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The Relationship between Real Interest Rates and Inflation

The Relationship between Real Interest Rates and Inflation

This does not mean that estimating more precisely the natural rate of interest would not be helpful for monetary policy. We still do not know much about the behavior of this variable. Its determinants, among others the marginal product of capital, the productivity growth rate and the subjective discount rate of private agents are only hardly observable. With better estimates of the natural rate of interest, central banks could influence economic behavior with more precision. Disinflating countries would know, at what level to set real interest rates, after disinflation has been finished, without taking the risk of reflating the economy again.
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Real interest rates, money and government deficits

Real interest rates, money and government deficits

The upshot of this section is that at any given level of GNP, there are reasons to expect real inter- est rates to be higher if the money supply is smaller in comparison to demand, if th[r]

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The Real Exchange Rate, Real Interest Rates, and the Risk Premium

The Real Exchange Rate, Real Interest Rates, and the Risk Premium

Bacchetta and van Wincoop (2010) build a model based on this intuition. Much of the empirical literature that has documented the phenomenon of delayed overshooting has focused on the response of exchange rates to identified monetary policy shocks. 2 But in the original context, the story was meant to apply to any shock that leads to an increase in relative interest rates. Risk- based explanations of the interest parity puzzle have not confronted this literature’s finding that high interest rate currencies are strong currencies. Our empirical findings are consistent with Froot and Thaler’s hypothesis of delayed overshooting, but with one important modification. The empirical methods here allow us to uncover what the level of the real exchange rate would be if uncovered interest parity held, and to compare the actual real exchange rate with this notional level. We find the level of the real exchange rate is excessively sensitive to real interest differentials. That is, when a country’s real interest rate increases, its currency appreciates more than it would under uncovered interest parity. Then it continues to appreciate for a number of months, before slowly depreciating back to its long run level.
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Why Are Inflation and Real Interest Rates So Low? A Mechanism of Low and Floating Real Interest and Inflation Rates

Why Are Inflation and Real Interest Rates So Low? A Mechanism of Low and Floating Real Interest and Inflation Rates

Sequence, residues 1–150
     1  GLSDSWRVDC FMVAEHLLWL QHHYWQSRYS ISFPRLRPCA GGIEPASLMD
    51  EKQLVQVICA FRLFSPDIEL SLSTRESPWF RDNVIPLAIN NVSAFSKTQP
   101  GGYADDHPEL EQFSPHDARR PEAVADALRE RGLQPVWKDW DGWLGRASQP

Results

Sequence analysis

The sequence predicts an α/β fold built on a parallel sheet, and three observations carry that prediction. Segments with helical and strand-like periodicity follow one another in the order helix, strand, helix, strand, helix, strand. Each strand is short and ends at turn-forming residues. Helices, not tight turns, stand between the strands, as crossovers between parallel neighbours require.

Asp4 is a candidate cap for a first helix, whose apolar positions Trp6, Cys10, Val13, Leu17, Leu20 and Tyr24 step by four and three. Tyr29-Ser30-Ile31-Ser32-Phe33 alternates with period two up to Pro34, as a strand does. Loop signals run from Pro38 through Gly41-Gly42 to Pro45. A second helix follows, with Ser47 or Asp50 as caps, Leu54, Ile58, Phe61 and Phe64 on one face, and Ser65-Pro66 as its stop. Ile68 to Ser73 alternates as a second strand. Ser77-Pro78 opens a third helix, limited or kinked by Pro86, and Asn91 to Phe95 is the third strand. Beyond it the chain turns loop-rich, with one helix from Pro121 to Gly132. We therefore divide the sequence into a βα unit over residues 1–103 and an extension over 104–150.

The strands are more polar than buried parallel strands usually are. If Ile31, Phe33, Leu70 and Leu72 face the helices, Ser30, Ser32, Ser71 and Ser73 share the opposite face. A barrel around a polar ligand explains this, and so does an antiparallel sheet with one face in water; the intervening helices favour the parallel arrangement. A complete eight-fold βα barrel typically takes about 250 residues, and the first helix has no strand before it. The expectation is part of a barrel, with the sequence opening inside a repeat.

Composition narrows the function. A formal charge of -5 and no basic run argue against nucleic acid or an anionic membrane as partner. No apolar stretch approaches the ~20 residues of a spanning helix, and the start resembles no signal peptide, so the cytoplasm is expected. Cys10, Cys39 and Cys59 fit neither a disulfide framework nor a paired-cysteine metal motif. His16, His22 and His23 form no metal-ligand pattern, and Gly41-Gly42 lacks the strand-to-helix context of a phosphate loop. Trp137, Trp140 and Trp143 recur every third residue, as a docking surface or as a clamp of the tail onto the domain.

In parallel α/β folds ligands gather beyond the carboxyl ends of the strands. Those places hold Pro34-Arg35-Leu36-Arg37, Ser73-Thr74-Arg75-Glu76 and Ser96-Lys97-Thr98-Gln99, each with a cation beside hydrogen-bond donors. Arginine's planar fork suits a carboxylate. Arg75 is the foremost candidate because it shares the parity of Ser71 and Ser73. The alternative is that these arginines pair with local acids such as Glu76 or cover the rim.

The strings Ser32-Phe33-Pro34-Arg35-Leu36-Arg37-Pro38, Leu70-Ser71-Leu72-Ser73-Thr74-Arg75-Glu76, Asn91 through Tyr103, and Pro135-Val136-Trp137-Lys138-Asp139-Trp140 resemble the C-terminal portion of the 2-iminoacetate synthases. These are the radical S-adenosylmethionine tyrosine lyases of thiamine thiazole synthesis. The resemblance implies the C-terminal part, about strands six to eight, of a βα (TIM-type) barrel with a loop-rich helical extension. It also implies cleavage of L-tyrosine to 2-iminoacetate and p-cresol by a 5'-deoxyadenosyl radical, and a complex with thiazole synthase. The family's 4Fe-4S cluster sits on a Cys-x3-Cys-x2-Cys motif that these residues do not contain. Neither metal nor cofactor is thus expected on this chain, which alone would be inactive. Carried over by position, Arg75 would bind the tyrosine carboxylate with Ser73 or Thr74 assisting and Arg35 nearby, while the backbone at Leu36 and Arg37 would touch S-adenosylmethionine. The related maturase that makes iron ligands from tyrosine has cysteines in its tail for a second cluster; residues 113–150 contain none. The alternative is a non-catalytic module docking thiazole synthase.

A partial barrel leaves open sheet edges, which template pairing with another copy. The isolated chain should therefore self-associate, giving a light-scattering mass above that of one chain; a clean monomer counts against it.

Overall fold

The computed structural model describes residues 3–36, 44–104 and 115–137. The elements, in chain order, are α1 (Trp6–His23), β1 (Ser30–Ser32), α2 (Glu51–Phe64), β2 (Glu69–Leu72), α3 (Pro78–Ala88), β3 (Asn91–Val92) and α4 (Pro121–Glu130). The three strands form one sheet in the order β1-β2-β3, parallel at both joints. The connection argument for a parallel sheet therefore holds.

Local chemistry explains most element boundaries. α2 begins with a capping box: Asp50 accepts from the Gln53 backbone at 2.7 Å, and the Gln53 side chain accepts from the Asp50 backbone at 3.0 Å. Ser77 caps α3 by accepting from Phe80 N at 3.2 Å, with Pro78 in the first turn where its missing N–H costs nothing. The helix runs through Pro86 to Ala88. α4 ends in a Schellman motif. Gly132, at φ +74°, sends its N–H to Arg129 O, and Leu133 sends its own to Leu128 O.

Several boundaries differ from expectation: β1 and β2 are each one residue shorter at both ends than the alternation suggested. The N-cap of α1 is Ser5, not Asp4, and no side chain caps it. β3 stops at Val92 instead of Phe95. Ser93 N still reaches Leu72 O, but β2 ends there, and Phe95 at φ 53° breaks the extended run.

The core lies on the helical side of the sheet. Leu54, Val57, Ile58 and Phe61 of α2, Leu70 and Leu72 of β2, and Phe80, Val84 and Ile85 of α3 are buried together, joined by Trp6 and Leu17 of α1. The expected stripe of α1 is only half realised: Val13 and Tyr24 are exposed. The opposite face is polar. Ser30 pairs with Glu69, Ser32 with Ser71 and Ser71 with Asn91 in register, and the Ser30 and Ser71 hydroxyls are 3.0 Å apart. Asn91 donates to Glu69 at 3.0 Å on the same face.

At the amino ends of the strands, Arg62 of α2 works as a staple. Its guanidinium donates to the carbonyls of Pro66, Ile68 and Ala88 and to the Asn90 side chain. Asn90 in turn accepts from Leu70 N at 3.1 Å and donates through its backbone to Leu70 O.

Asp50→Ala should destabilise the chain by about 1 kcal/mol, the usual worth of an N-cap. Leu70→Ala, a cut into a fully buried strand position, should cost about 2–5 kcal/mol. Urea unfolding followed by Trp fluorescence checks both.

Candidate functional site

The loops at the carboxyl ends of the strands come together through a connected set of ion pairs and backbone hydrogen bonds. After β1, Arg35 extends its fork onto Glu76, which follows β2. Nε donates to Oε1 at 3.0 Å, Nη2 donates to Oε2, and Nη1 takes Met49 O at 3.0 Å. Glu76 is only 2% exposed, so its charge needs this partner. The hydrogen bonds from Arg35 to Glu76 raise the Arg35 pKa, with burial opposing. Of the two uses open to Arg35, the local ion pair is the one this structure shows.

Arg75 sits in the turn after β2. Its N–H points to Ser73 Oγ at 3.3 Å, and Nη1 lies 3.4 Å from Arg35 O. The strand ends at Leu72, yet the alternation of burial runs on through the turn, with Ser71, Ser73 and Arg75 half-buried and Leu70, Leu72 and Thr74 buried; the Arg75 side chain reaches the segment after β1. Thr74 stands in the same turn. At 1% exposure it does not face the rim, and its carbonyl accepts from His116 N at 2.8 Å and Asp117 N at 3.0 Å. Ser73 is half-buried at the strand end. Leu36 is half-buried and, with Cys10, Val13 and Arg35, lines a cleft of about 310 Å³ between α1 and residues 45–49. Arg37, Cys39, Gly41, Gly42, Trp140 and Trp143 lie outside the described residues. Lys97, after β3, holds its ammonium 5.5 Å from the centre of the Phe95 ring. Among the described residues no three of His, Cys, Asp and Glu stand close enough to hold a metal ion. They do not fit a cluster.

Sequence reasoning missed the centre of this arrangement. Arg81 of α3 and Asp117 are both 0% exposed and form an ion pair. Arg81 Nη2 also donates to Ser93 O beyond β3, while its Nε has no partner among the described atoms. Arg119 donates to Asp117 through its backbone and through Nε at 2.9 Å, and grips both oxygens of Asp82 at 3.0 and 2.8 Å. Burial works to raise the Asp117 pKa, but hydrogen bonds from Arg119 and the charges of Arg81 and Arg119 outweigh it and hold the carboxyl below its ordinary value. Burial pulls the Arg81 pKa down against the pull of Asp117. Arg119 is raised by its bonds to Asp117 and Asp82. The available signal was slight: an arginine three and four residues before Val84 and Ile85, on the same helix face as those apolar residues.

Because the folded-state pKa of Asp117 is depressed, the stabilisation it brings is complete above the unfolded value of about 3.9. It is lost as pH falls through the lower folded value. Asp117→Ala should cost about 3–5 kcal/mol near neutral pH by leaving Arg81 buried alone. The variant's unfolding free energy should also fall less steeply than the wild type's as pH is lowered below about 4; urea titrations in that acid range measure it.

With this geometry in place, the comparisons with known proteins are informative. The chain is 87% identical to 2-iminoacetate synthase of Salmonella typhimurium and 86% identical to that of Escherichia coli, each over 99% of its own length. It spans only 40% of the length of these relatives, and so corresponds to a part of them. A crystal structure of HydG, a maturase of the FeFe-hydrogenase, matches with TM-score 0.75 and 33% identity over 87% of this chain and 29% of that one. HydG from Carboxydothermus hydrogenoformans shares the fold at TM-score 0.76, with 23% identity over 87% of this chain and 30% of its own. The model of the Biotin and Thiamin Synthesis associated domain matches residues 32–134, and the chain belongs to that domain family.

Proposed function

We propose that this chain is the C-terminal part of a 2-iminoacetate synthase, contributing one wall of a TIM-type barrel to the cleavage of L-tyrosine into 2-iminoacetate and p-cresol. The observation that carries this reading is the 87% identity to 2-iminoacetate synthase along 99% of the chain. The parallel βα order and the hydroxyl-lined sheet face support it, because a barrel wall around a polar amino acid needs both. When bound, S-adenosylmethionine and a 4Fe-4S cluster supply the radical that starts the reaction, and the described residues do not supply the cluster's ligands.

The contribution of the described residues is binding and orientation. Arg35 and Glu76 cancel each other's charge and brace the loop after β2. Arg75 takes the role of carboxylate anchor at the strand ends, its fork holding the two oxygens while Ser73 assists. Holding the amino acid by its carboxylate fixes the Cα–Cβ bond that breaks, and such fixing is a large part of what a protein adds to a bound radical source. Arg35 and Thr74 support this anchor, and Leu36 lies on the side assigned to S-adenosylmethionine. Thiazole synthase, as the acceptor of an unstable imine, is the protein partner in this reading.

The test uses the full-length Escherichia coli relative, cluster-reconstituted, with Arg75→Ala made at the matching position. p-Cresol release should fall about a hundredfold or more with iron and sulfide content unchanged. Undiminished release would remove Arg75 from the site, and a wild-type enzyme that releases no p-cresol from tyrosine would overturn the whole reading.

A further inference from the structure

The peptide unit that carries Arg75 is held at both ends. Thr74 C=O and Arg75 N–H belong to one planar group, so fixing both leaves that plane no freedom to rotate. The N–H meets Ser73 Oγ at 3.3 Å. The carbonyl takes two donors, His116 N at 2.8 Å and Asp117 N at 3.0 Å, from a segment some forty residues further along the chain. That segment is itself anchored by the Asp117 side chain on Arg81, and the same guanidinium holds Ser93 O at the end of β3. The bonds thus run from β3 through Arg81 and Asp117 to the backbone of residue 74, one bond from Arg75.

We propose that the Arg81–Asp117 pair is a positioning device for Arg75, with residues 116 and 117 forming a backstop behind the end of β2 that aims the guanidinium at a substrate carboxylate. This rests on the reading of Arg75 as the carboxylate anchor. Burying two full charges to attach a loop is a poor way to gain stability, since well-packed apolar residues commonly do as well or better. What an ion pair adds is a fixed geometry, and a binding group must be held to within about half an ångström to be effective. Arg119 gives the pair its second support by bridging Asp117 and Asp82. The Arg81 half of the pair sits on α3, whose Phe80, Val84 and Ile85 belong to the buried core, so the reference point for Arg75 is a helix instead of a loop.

As noted above, low and floating real interest and inflation rates have been observed since the Great Recession. Hence, the cause of the Great Recession needs to be examined prior to examining the mechanism of floating rates. Harashima (2016a) showed a cause of the Great Recession based on the concept a “Nash equilibrium of a Pareto inefficient path” (NEPIP). The concept of NEPIP reported by Harashima (2004a, 2009, 2012, 2016a, 2016d, 2017, 2018) enables us to explain a mechanism for why households rationally choose a Pareto inefficient path. Because of this choice, phenomena like the Great Recession and the Great Depression can be generated. An important feature of NEPIP is that it does not require a sudden huge technological regression and persisting rigidities in price adjustment processes to explain the Great Recession.
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A Brief Survey of Stochastic Properties of Real Interest Rates

A Brief Survey of Stochastic Properties of Real Interest Rates

Real interest rate is one of the most important economic variables. This variable plays a central role in decision-making process of households, firms and government, and main policy tool of many central banks. Stochastic properties of real interest rate is basic ingredient of several econometric models and has some important implications on basic assumptions of many important financial and macroeconomic models such as Consumption Based Asset Pricing Model, Fisher Hypothesis and some growth models. Because of its vital importance for the economy and economic-financial theories, time series properties of real interest rate have been investigated intensely. However, studies those investigate stochastic properties of real interest rates of developing countries is comparatively limited.
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Comparing equilibrium real interest rates: different approaches to measure Brazilian rates

Comparing equilibrium real interest rates: different approaches to measure Brazilian rates